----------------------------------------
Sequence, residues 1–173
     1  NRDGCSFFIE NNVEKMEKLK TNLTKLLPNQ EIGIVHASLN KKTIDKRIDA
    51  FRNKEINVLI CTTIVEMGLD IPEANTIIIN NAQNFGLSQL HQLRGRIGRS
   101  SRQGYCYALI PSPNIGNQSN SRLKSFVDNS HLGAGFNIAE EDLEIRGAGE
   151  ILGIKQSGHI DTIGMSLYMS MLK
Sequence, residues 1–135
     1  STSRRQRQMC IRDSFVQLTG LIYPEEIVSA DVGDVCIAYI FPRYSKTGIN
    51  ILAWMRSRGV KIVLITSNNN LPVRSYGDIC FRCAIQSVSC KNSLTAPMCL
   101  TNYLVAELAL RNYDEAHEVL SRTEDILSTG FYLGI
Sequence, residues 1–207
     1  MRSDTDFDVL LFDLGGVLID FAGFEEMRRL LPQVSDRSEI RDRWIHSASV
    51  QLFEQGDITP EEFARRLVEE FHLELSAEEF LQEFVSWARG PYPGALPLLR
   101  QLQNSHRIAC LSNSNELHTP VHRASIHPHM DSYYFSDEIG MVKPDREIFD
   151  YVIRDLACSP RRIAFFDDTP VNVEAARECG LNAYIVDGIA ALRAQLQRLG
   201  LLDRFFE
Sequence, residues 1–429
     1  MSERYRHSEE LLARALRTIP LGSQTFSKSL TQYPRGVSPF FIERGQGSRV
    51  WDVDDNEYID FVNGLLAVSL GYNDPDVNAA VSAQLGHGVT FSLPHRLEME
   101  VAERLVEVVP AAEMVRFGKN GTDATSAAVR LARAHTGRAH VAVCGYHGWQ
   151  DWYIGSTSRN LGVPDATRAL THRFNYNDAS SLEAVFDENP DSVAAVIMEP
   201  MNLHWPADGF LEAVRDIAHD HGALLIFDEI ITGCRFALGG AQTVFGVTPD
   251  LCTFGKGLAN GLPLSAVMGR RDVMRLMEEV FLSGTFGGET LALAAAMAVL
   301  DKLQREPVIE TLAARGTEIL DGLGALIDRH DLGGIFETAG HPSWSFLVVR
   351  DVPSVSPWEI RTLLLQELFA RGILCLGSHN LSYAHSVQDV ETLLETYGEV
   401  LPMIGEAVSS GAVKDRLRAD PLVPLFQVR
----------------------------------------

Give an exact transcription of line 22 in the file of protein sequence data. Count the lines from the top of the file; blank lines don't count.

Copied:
   251  LCTFGKGLAN GLPLSAVMGR RDVMRLMEEV FLSGTFGGET LALAAAMAVL